Building Conversation Skills for Kids with Autism | Communication Skills Development

Many parents of young children with autism dream of the day when they can have full conversations with their children, but getting children who are not talking much or at all to become conversational is a big mystery for most parents and professionals, so today I’m going to break it down and talk about how to teach conversation skills to children with autism.

Let’s think about a conversation between two adults on the phone. Say I call up my mom on the phone and start with, “Hey, mom. How are you?” In verbal behavior terms, this is an advanced mand or request for information. So my mom might answer with, “I’m feeling okay,” or “I’m feeling a little sick,” or “I’m doing great.” That answer is an advanced intraverbal. Right after my mom answers my question though, she will probably ask how my day is going too, so we bounce back and forth between advanced mands or questions to intraverbals or answers to the question. So if I’m in a rush and don’t have time to talk, I’ll stop manding to my mom and try to get off the phone, just answer her questions and tell her I’m in a rush and quickly get off the phone.

But when we think about having conversations, it’s basically a mixture of advanced mands, asking questions, and intraverbals, answering questions. For my clients who went from not talking to conversational, we programmed using the VB-MAPP for years, teaching early mands, requests for things the child wanted first, whether they wanted them or needed them such as food and drink and of course the iPad. Then we moved on to manding for actions, such as come, up, help, push. We had the child manding for missing items by programming for these things, then manding for attention, which is really hard because it’s hard to program for teaching a child to want somebody’s attention, which involves a lot of capturing and contriving the motivation. Then finally, mands for information, like I asked my mom, “How are you today?”

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Intraverbals or the answer part of questions start off with basic fill in the blank with the last word of songs, such as “twinkle, twinkle little …” Leaving that blank, the child would fill in “star.” Moving up to filling in with words, such as, “You sleep in a …” bed, and, “You drink from a …” leaving that blank, and the child would answer with or without pictures present. Then we move on to more answering questions, like “Where do you sleep?” which begins to build more and more complexity. Answering questions like “What do you eat in the morning that is warm?” Is a lot harder than answering “What can you eat?” Because what do you eat in the morning that’s warm involves eating, morning, so the discrimination of what you eat in the morning versus lunch time or dinner time, and then warm involves knowing cold, hot, warm, those sorts of things, so it’s pretty complex. It’s not just a matter of a child can ask and answer questions, but that conditional discrimination or how complex the questions can get before they fall apart.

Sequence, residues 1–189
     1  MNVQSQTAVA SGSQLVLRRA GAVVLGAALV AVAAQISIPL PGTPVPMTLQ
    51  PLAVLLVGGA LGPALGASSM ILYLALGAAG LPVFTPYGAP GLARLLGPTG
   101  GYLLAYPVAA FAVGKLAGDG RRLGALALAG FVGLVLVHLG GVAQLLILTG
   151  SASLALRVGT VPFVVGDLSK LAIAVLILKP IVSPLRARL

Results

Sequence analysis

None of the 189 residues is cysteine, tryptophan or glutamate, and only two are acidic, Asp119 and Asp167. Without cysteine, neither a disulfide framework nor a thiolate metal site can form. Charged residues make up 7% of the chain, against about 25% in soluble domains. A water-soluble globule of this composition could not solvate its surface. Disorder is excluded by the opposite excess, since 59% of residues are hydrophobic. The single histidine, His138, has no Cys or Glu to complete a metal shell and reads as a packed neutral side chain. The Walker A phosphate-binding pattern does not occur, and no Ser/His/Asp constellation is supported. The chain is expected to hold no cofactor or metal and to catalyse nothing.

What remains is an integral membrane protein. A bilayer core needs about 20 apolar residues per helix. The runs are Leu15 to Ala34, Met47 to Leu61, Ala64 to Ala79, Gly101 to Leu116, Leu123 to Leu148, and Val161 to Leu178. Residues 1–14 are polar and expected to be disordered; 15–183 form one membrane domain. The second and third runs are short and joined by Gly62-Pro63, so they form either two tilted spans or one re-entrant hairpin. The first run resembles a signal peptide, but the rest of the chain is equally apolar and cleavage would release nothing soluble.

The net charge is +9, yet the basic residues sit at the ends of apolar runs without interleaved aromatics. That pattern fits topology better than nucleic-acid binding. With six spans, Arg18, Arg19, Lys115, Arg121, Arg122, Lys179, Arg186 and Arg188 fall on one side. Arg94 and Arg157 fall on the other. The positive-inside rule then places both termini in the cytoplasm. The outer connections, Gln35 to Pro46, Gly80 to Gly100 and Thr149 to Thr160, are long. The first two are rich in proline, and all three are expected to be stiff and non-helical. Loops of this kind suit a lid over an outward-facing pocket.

I remember years ago listening to Mark Sundberg present, who is the author of the VB-MAPP, and he also wrote the forward for my book, The Verbal Behavior Approach, and Mark Sundberg said, “What do you wear to the beach?” is a question. “What do you take to the beach?” is a question. We change one word, we change the answer, and this is why intraverbals are so, so hard for kids, and not just English and not just kids with special needs, but you really need to be four or five years old before you can get to talk about these things that involve such complexity.

Over the past two decades I’ve been in the autism world, I’ve learned that conversation skills need to be taught systematically, and most times it takes years to build full conversational language. Also, children and adults with cognitive impairment in addition to autism like my son, Lucas, may have the ability to ask and answer some questions, but are not be able to ever acquire full conversational speech. My best advice to build conversation skills is to assess and program using the VB-MAPP assessment and make basic manding the centerpiece of your child or client’s program.

To learn more about how to build conversation skills, sign up for my free intermediate workshop at MaryBarbera.com/intermediateworkshop, or push the button on this page and I’ll see you right here next week.

Want to learn more about programming and the three biggest mistakes autism professionals make
with intermediate learners? Sign up for my free online workshop!

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